Chris Chadwell - Little Tibet Expedition 2011

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McGregorUS
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Title: Guest
Joined: 2009-12-18

One point about Primula reidii is that it usually grows where no water can fall directly on to it - mouths of caves, overhanging cliffs and so on. So a shade house would be the perfect situation for it. Good luck - very intriguing to find out if it turns out to have lilac or white flowers. Have fun.

Malcolm McGregor
Global Moderator/NARGS Editor
East Yorkshire, UK

Toole
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Title: Guest
Joined: 2010-07-02

Looks to have been some wonderful stuff collected and i like the idea of being able to view the scenery and plants --seem to be a well organised venture.

I can only echo what has been said about the beauty of Primula reidii. :-* :-*

Here's a pic (9Oct 2010), of my plant --actually i had two plants and managed to germinate 6 seedlings from them --alas my inattention during a prolonged warm ,dry period resulted in the loss of both adult plants and youngsters . :'(

Cheers Dave.  

Invercargill
Bottom of the South Island New Zealand
Zone 8 maritime climate
1100mm,(40 in),rainfall p.a.
Nil snow cover

Saori
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Title: Member
Joined: 2010-10-10

McGregor wrote:

One point about Primula reidii is that it usually grows where no water can fall directly on to it - mouths of caves, overhanging cliffs and so on. So a shade house would be the perfect situation for it. Good luck - very intriguing to find out if it turns out to have lilac or white flowers. Have fun.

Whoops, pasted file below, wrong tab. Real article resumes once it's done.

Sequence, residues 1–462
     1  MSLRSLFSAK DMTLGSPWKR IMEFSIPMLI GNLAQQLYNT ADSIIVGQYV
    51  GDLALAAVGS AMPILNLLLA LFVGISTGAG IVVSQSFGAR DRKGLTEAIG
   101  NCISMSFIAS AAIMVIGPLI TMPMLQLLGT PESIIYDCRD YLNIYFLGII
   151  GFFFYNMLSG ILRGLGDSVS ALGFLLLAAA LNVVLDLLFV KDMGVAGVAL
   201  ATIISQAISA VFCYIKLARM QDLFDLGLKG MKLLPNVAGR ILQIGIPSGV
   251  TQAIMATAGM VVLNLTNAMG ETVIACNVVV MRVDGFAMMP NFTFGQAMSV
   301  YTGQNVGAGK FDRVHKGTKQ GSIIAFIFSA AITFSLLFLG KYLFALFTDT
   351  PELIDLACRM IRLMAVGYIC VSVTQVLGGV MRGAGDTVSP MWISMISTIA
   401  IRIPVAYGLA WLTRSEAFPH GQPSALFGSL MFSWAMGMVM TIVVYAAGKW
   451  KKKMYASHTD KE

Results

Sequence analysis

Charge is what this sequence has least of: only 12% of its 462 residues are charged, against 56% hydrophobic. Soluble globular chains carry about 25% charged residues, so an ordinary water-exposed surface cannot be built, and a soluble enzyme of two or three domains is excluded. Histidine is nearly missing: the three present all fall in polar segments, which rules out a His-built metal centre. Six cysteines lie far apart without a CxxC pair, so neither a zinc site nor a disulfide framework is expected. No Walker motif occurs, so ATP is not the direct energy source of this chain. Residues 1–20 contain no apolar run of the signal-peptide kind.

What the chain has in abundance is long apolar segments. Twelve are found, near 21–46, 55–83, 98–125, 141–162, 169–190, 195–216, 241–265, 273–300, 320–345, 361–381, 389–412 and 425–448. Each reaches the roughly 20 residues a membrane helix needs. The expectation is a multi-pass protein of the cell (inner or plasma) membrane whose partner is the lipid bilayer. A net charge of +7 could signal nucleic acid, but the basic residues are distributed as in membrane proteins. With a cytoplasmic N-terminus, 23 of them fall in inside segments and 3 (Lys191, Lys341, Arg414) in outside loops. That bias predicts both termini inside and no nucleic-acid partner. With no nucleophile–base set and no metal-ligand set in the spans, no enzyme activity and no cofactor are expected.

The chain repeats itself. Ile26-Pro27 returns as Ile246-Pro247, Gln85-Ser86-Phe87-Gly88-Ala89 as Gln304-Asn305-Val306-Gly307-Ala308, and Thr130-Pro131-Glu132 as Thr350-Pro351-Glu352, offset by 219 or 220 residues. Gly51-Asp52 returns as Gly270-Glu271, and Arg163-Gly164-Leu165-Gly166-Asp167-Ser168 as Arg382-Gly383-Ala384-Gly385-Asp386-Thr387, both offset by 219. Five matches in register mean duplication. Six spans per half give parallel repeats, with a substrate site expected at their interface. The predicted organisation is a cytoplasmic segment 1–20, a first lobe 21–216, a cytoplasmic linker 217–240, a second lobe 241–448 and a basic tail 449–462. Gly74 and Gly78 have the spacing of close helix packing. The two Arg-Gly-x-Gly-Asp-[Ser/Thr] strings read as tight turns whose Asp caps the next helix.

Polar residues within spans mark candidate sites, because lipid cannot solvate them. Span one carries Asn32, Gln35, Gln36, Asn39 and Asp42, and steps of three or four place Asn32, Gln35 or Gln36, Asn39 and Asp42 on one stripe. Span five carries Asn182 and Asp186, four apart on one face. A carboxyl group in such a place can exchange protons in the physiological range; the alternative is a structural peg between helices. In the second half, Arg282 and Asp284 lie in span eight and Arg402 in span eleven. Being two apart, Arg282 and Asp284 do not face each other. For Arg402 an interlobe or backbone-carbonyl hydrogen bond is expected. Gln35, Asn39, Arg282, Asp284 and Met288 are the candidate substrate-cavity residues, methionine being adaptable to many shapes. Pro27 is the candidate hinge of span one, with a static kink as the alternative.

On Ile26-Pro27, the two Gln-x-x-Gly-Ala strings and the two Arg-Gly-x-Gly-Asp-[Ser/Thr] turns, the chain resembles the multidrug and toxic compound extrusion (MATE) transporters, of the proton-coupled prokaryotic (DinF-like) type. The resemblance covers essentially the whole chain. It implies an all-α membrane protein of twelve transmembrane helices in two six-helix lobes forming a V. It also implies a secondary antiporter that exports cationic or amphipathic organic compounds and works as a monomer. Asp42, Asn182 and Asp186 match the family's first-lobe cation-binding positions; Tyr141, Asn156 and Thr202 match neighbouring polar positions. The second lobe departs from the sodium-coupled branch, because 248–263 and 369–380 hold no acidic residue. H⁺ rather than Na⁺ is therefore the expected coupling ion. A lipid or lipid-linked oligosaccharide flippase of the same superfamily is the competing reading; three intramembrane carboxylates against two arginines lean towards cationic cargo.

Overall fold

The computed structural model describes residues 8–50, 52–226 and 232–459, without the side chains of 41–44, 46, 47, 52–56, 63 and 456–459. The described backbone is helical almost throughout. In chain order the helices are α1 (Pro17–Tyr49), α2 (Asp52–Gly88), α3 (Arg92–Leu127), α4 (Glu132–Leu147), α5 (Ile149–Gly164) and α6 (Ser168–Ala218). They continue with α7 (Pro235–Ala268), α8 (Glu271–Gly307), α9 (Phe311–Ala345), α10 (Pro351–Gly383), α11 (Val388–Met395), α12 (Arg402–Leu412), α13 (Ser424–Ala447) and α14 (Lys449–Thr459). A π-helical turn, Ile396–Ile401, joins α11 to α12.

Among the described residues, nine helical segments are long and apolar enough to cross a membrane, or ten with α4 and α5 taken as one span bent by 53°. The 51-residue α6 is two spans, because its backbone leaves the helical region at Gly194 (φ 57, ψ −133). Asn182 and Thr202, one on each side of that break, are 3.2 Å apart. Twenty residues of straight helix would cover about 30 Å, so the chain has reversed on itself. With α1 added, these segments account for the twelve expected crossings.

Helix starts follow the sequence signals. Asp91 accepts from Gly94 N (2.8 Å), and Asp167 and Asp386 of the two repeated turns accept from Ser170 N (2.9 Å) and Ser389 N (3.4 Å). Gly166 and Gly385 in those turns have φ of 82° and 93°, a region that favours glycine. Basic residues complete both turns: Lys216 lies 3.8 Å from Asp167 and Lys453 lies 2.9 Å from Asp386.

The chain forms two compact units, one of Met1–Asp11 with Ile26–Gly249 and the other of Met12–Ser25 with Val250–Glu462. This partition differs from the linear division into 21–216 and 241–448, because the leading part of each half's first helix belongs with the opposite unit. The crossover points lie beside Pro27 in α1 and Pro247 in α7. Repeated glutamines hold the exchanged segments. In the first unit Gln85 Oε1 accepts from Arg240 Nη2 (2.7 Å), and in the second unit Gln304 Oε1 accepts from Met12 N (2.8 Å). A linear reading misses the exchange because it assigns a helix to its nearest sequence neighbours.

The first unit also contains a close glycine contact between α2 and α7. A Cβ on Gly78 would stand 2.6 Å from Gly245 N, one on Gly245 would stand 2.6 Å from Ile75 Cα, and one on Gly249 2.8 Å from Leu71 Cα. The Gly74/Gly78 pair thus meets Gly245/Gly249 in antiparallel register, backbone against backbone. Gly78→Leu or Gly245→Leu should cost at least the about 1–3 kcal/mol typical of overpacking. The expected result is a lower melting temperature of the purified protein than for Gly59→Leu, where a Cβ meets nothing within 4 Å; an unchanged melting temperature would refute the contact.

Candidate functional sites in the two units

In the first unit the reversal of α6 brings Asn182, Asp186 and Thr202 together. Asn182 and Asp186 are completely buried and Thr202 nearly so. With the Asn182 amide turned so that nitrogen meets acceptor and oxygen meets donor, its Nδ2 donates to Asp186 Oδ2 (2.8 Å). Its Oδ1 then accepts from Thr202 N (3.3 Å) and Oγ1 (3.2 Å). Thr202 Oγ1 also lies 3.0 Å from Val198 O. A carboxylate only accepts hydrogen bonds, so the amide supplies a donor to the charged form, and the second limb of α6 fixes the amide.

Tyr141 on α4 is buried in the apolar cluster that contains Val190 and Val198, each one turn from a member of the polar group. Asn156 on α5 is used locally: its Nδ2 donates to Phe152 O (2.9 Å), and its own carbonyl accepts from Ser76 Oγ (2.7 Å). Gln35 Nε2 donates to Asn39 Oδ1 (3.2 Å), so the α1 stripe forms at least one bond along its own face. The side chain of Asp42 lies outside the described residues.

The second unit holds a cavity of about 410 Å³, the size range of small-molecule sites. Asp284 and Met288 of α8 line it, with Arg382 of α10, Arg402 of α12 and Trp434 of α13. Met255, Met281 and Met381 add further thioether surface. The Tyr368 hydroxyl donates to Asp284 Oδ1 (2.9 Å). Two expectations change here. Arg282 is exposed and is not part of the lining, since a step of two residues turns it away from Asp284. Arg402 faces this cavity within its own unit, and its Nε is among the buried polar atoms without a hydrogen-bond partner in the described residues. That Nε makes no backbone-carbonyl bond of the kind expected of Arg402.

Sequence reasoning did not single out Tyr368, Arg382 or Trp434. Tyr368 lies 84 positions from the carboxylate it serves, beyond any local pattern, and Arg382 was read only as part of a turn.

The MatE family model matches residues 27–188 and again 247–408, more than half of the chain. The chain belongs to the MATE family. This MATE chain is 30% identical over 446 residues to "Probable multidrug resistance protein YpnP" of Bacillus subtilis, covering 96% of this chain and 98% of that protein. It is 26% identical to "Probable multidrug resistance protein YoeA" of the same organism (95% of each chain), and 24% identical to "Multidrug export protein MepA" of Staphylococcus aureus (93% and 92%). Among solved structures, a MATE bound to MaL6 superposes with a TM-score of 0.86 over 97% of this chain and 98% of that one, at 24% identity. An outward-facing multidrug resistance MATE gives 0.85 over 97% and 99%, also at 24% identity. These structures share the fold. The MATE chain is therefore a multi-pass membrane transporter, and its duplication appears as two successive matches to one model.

Thanks for the tip, Malcolm! It seems like it would definitely be a pot plant here... We have lots of rain in the winter... So is it wise to put the pot in a shallow dish filled with water as opposed to watering it from above when it gets dry?

Dave, your P. reidii are very beautiful! Thanks for the pictures! I hope that I can see the flowers in person in the future...

From the beautiful Pacific Northwest, USA,
where summer is mild and dry but winter is dark and very wet... USDA Zone 7b or 8 (depends on the year)

 

Lori S.
Title: Moderator
Joined: 2009-10-27

P. reidii is amazing!  I thought it was a rhododendron until I enlarged the photo!

Lori
Calgary, Alberta, Canada - Zone 3
-30 C to +30 C (rarely!); elevation ~1130m; annual precipitation ~40 cm

Tim Ingram
Title: Member
Joined: 2011-04-27

The best part is the amazing scent! If only that could waft from the photo. This has definitely made me want to grow this plant again...(and there are just so many beautiful primulas, but alas not really for our garden).

Dr. Timothy John Ingram
Faversham, Kent, UK
I garden in a relatively hot and dry region (for the UK!), with an annual rainfall of around 25", winter lows of -10°C and summer highs of 30°C.
 

Boland
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Title: Member
Joined: 2009-09-25

Darn...I wish i could have gotten in on these seeds...those are types I could probably grow here.  Wet and Himalayan generally works well here.

Todd Boland
St. John's, Newfoundland, Canada
Zone 5b
1800 mm precipitation per year

Mattus
Title: Member
Joined: 2009-10-01

My seed from the Chadwell expeditions is germinating. Here are a couple The Lindelofia stylosa, sown in the greenhouse for a few weeks, then set outdoors for the rest of our mild winter - noticed it sprouting today outside, and the Ligularia amplexicaulis remained in the greenhouse -  not shown, all of the Arisaema are germinating, as well as the Impatiens, both in the greenhouse.

Matt Mattus
USDA Zone 5B
Worcester, MA

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